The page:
When we think of cyber threats to endpoints, typically what comes to mind is the need to protect our PC’s and laptops. Many more businesses are adding comprehensive security solutions and user policies administered to include mobile threat exploits.
But it’s unquestionable now that mobile phones are just as likely (if not more likely) to be targeted by cyber criminals. There are a few reasons for that. The first reason that mobiles are now a legitimate target is the sheer number of them. It’s estimated that there will be over 6 billion smartphones in use by the year 2020. That’s around 70% of the world’s population using a smartphone in 3 years’ time.
Modern smartphones are now small computers. The processing power, functionality, and the way we’ve integrated them into our lives make them a treasure trove of valuable information and easy food for hackers wishing to use mobile threat exploits. And IoT Botnets further increases the vulnerability of cloud based data and mobile devices.Many people today use their mobile phones to access online banking and as a physical payment method in store. Cybercriminals tend to follow the money and so are putting resources into targeting mobiles. Last year, security vendor ESET discovered a form of malware that presented a false version of online banking login screens to steal credentials.
Exposing Vulnerabilities of Mobile Threat Exploits
Like any operating system, there is a continual process of discovering vulnerabilities and attempting to patch them before hackers can take advantage.
This can be complicated on the Android OS. Android is open source, allowing stakeholders to modify and redistribute it to fit their needs.
This means that when mobile threat exploits and vulnerabilities are fixed at the source, it doesn’t always translate to the problem being resolved for the user.
The most famous example of this is the Stagefright vulnerability. This was mobile threat exploits in the code library associated with media playback. If a hacker sent malicious code within a video via MMS, the attack could be successful without any interaction from the user. This vulnerability was said to affect 95% of Android users making patching a nightmare. Although there had been previous serious vulnerabilities in Android, such as FakeID, TowelRoot, and PingPong, this was the first exploit of this scale that could be successful without any user input.
No OS is Safe
Typically, we see most of mobile attacks targeted at Android devices. But iOS is not completely bulletproof. XcodeGhost was a copycat version of Apple’s development environment, used for creating apps. Developers that used the rogue version of Xcode to create their apps unwittingly delivered their product to the App Store with the malware in tow.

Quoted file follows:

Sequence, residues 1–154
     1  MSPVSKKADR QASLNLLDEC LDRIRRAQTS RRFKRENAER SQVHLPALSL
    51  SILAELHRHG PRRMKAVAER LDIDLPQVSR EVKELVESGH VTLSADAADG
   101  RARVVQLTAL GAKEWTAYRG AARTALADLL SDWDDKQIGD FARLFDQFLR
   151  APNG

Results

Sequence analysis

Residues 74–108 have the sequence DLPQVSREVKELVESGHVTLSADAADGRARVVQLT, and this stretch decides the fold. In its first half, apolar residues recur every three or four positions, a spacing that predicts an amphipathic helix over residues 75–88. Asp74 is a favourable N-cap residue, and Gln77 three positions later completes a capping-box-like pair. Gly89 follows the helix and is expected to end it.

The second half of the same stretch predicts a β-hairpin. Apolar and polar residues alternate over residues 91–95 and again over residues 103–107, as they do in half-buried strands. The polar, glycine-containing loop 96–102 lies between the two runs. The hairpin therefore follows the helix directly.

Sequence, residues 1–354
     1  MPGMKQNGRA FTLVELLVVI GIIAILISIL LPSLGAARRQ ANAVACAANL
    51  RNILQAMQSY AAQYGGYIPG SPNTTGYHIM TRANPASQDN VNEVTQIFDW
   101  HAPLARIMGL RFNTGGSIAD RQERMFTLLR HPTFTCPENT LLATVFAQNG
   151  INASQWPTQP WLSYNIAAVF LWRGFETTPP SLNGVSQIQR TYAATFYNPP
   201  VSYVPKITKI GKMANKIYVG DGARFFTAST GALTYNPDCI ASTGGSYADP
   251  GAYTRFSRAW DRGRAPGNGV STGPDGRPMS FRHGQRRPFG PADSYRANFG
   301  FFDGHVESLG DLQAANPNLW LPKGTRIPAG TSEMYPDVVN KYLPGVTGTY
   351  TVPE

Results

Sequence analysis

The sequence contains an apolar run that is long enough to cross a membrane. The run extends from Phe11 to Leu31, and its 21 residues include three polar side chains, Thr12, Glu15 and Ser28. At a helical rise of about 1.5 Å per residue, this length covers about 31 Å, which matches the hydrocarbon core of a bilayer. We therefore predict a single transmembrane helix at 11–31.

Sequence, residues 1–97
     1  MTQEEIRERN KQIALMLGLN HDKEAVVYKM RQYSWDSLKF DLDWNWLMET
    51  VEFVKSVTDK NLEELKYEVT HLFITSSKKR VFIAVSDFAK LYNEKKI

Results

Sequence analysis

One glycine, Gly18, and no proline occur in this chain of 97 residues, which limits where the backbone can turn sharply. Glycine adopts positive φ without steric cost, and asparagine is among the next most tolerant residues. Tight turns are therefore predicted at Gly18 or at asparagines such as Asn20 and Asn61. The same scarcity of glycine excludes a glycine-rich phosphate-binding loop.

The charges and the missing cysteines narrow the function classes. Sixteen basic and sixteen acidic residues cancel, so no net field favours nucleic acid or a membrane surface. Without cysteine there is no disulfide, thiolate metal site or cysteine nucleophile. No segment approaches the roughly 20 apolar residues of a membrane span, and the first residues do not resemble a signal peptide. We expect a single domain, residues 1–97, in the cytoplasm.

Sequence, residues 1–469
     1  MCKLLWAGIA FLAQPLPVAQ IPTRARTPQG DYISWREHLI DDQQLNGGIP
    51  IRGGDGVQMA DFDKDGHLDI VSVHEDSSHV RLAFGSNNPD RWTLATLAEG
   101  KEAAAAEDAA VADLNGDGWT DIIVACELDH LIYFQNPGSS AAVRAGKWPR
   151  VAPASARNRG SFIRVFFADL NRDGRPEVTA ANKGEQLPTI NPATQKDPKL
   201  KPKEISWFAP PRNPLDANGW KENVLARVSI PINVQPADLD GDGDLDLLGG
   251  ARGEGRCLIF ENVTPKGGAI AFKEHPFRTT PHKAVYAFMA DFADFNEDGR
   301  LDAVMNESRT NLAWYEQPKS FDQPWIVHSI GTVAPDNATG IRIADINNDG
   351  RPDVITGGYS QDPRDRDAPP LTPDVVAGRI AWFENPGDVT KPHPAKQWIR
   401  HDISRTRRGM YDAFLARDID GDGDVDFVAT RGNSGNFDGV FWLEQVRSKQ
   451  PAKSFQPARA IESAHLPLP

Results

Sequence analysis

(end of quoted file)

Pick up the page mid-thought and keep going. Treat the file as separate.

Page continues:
Mobile Threat Exploits Protection Starts with Education
So clearly, we need a robust plan in place to protect mobile devices from mobile threat exploits. But how do we go about this? The first thing to consider is user education. When using a laptop, most people know not to open attachments from unknown sources. But mobile users are not always as careful. Educate them to apply this same level of caution to mobiles; only downloading apps from trusted sources and giving the application, the minimum permissions required to perform its task.
Management is Not Security
Your company likely already has an Enterprise Mobility Management (EMM) solution in place. This is useful for managing a fleet of mobiles and preventing opportunistic crimes by enforcing passcodes, for example. But EMM is not sufficient to protect against more advanced threats, and most suites don’t have the functionality to detect, analyze and respond to cyber attacks. For this reason, it’s important to supplement your EMM with a Mobile Threat Defense (MTD) product.MTD has far greater mobile threat exploits threat-detection capabilities and can help to prevent man-in-the-middle attacks, detect non-compliant or malicious apps, and spot jailbroken devices. It’s important to have this level of security on your mobile devices due to the amount of corporate data that can typically be accessed via mobile now.
User-Based Access Controls
A cloud-based Identity as a Service (IDaaS) solution can also help to increase security. The benefits of this to a business are two-fold: For the user, all their corporate systems can be accessed via a single sign-on (SSO). This eliminates the need to remember multiple login credentials.It’s likely to be a multifactor sign-on process which is more secure than a static password. IDaaS also allows users to be automatically granted certain access rights or privileges based on their role. Employees get the right tools to complete their job function and no more. This means that in the event of a mobile threat exploits, the compromise, the amount of accessible information can be limited.
As mentioned, patching mobile devices is not always straightforward, particularly in Android ecosystems. Updates can be blocked by Google, the handset manufacturer, or the mobile operator. However, this situation has improved since Stagefright. Even given these difficulties, it’s important that you have a process for keeping your operating systems up to date. This should be easy to configure in your EMM solution.Ultimately, we don’t need the statistics to tell us that mobiles are here to stay in the business world; we see evidence of this every day. Mobiles are now integral to huge chunks of our working lives. And because of this, the threat from hackers will continue to grow.
What steps are you taking to ensure that mobiles aren’t an easy attack vector into your business? And do you feel that your users are as educated on mobile threat exploits as they are about conventional PC-based malware?
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